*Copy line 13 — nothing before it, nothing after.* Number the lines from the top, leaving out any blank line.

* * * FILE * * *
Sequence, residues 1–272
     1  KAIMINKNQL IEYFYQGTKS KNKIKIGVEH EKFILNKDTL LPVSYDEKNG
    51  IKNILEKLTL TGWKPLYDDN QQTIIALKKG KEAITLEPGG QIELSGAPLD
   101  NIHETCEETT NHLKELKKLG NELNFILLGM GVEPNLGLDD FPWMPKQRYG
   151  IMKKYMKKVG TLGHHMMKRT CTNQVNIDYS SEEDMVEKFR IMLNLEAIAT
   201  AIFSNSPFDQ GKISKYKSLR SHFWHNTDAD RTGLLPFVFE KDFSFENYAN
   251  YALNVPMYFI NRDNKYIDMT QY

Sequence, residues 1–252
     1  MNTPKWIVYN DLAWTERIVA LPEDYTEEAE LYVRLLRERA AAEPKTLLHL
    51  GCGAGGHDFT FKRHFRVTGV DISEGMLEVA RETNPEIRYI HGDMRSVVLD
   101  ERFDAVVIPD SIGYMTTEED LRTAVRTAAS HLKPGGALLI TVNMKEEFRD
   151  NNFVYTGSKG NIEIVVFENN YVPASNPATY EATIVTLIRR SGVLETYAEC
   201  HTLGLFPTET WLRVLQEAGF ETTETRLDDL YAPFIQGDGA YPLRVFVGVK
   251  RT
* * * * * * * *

   201  HTLGLFPTET WLRVLQEAGF ETTETRLDDL YAPFIQGDGA YPLRVFVGVK